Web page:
Reflections of Exile, Migration, and Diaspora in European Languages and Literatures [September 30 – October 1, 2016]
As Europe is currently facing the worst displacement crisis since the Second World War, the dominant public discourse on the issue is characterized by a curious mixture of xenophobia and humanitarianism. What is forgotten in this debate is that, historically speaking, Europe has always been a place of migrations. After all, the rough outlines of today's national composition of the continent is to a very great extent the result of the Great Migration (4–8 century AD). The people who came to Europe at that time met populations, like the Greeks and the Romans, who were themselves the children of earlier migrants. It is impossible to list here all the waves of migrations throughout European history, but some of the very many movements of populations that have created today's picture of Europe are: The expansion of Greeks to South Italy and Asia Minor in Antiquity; the expulsions of Jews from England, France, Spain in the Middle Ages; the immigration of the Huguenots in the seventeenth century; the Russian White émigrés after the Russian Revolution; the exiles from the dictatorships in Southern Europe in the middle twentieth century; while, only fifteen years ago, the Yugoslav Wars and the accompanying ethnic cleansing by all sides involved had not yet been completed.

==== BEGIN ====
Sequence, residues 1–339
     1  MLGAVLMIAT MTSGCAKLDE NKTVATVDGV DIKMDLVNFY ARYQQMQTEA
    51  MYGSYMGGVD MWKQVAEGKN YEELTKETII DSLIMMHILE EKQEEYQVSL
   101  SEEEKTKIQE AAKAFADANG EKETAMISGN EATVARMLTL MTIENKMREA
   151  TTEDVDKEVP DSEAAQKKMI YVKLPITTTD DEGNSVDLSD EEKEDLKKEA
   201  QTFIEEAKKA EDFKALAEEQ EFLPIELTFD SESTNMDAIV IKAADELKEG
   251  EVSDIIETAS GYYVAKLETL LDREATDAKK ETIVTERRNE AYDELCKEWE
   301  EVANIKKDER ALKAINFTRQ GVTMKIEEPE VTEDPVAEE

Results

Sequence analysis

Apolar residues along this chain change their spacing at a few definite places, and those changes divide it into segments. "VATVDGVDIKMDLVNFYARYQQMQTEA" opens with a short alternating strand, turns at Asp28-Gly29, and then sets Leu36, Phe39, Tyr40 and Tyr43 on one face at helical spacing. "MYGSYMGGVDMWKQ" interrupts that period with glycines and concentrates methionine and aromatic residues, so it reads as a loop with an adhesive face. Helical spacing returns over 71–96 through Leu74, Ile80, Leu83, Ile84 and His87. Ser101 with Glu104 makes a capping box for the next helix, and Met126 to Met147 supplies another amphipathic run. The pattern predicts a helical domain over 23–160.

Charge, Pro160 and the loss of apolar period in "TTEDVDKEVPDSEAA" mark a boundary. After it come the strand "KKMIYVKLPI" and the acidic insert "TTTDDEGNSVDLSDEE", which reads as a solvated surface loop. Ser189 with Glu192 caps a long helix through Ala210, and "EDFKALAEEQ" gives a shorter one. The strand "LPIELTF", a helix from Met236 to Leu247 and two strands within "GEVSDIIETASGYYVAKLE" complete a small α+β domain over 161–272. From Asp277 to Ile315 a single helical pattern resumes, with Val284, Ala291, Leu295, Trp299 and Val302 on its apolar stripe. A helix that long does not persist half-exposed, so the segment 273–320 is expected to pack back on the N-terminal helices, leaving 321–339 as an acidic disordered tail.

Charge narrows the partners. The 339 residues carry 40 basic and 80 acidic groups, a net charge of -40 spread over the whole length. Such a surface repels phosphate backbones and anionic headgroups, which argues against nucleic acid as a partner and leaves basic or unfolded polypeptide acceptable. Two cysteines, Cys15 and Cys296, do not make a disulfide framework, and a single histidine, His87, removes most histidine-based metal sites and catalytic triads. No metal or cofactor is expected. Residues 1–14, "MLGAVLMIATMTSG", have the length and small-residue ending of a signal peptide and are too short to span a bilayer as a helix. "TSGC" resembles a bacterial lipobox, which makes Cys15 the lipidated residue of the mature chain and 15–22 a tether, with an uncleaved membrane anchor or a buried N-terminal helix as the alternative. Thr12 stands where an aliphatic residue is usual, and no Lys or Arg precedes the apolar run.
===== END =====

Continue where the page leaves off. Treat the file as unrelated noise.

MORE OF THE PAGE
We would like to invite to the Seventh Symposium on European Languages in East Asia contributions that deal with how the changes brought by (past or current) movements of populations reflect upon, and are reflected by, European languages in all their manifestations: linguistic system and language use, literature and popular discourse, language policy and language education. In particular, papers submitted for presentation could focus on, but need not be limited to, any of the following points:
• What influences do the languages of the immigrant and the local populations exert upon each other? How does the language of the host countries change as a result of the phenomenon of immigration? What changes does the mother tongue of incoming populations undergo in the second generation after re-settlement?
• How is the experience of being a refugee or an immigrant articulated in discourse? What are the fears and hopes that are expressed either during the time of migration or after re-settlement?
• What fears and expectations are expressed in the discourse of the receiving populations? Is there any change in the expressed sentiments after settlement has been completed? Is there any difference in the sentiments expressed by the discourse of populations that retain an active memory of their own earlier displacement?
• What discursive strategies of defending and/or castigating migration have been adopted either by the incoming or by the receiving populations?
• How has the meeting of cultures that accompanies a migration been reflected in the discourse of either the incoming or the receiving populations?
• What changes in language/literacy education policy have been proposed/adopted in response to migration. What have been their effects? What have been the responses of either the receiving or the incoming populations?
• What effects did migrations have in the language policy of the receiving states? What did the changes seek to achieve? What have been the responses of the incoming and/or the host populations?
Due to the international and interdisciplinary nature of the Symposium on European Languages in East Asia, all paper proposals and presentations should be in English (no more than 500 words). Please send them to email@example.com by March 6, 2016.